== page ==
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Background to the scheme
The Exe Estuary Flood and Coastal Erosion Risk Management Strategy identified that the narrow part (or neck) of Dawlish Warren was at risk of being broken through (breached) as a result of sea level rise and storms. If this happened, it would increase the risk of flooding to the railway line and estuary communities such as Starcross, Lympstone and Exmouth.
The strategy suggested that a range of works were needed at Dawlish Warren to allow the sand spit to continue to act as a barrier to storm waves. It would also improve the quality of the beach and allow the sand dunes to recover.
The beach management scheme
The Environment Agency and Teignbridge District Council worked together on the £12million scheme to reduce the risk of flooding to nearly 2,900 properties around the River Exe and it was completed ahead of schedule in October 2017.
Construction of the main scheme started in January 2017 and took around 9 months to complete. Work included in the scheme ranged from installing a new ‘sandbag’ defence under the dunes at the narrowest point of the Warren, removing gabions, replacing and modifying timber groynes and near-shore dredging operations to recharge the amenity beach.
The work improved the quality of Dawlish Warren beach and the economic benefit of the Warren continuing to shelter communities and the main railway line from storms is estimated at £158million.
The dredging and beach recharge operation was completed ahead of schedule in July 2017, pumping over 250,000 cubic metres of sand onto the beach.
Work on the new revetment between groynes 2 and 3 was completed and the dunes reinstated in July ahead of the 2017 school summer holidays. This structure works in conjunction with the flood wall previously installed across the Warren to prevent a flood route to Dawlish Warren village.
The 460 metre long GeoTube defence buried in the dunes at the ‘neck’, the narrowest point of the Warren, was completed in August 2017. Giant bags were pumped full of sand to create compacted sand bags up to 2.85 metres high. The bags have been buried in the back face of the dune, and are designed to remain buried even under storm conditions. During storms this defence will reduce the impact of waves entering the Exe Estuary and damaging important infrastructure and property.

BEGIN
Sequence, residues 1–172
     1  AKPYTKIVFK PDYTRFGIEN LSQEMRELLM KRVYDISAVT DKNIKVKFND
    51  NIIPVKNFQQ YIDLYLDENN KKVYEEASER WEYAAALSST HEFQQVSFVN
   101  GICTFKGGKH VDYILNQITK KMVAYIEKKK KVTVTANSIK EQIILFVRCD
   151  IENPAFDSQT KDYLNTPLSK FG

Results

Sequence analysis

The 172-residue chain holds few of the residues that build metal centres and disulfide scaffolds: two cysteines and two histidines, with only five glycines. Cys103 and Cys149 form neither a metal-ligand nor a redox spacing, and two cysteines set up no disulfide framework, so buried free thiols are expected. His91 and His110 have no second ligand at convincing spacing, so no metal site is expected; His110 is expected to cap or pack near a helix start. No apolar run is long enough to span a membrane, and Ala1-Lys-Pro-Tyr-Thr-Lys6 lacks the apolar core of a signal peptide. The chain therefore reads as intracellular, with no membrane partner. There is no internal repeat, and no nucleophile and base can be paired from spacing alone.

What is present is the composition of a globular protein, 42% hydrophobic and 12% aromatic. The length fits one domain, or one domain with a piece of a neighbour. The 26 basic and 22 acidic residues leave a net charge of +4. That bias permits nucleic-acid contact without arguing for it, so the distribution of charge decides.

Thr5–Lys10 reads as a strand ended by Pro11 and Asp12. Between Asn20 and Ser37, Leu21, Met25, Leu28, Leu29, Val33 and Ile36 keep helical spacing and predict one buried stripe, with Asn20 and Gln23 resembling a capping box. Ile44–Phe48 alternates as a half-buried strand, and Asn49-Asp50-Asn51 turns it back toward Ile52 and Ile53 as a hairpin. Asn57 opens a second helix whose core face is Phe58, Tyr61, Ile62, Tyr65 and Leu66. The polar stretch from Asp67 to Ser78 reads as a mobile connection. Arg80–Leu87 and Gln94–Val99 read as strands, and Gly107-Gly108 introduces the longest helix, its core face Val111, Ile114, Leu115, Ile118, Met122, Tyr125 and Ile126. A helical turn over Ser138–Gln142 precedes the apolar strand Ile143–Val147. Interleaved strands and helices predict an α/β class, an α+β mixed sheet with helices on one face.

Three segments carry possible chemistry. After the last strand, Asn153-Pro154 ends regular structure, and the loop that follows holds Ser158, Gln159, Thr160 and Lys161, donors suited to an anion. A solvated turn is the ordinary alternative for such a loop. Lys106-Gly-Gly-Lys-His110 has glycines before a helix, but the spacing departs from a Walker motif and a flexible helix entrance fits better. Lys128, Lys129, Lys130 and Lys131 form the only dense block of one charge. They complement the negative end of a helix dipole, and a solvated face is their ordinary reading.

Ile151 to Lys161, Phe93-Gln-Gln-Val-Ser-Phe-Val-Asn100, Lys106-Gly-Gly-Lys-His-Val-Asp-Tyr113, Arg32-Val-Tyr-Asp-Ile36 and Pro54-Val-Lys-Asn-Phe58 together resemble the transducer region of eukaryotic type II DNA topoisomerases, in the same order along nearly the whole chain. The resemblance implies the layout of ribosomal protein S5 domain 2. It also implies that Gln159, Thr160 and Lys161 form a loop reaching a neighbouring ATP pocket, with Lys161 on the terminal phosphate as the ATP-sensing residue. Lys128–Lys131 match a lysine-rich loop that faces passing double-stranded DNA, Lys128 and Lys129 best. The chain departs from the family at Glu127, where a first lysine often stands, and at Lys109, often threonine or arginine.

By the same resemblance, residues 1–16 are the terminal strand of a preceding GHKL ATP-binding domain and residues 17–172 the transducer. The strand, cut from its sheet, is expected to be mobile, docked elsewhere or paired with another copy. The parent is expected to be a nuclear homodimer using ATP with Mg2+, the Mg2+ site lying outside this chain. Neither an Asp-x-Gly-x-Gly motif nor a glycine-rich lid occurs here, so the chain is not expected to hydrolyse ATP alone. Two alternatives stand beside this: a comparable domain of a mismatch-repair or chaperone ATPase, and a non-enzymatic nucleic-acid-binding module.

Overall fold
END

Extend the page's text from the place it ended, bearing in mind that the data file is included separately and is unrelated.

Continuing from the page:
Chestnut pale fencing has been installed over the reinstated dunes to help the dunes and vegetation to re-establish.
The film Living with a changing coast shows the work carried out at Dawlish Warren and explains why the beach management scheme was needed.
Dawlish Warren beach management scheme: what next?
Since completion visitors will have seen the recharged beach change shape following recent spring tides and storms. Beach and sand dune movement is expected and there will be further change throughout the year and into the longer term.
The improved timber groyne field will maintain beach levels better than in the past, but lowering of beach levels is expected in the future as very little sand comes back naturally.
In the longer term, beyond 10 years, the site is expected to change, with the beach lowering and the dunes rolling back. It is also likely there will then be flooding behind the dunes at high tide. Further beach management works may be required at the site to manage future flood risk and to mitigate the environmental impact of the current scheme. This will be closely monitored and there will be communication with the local and wider Exe Estuary community prior to any further changes on site.
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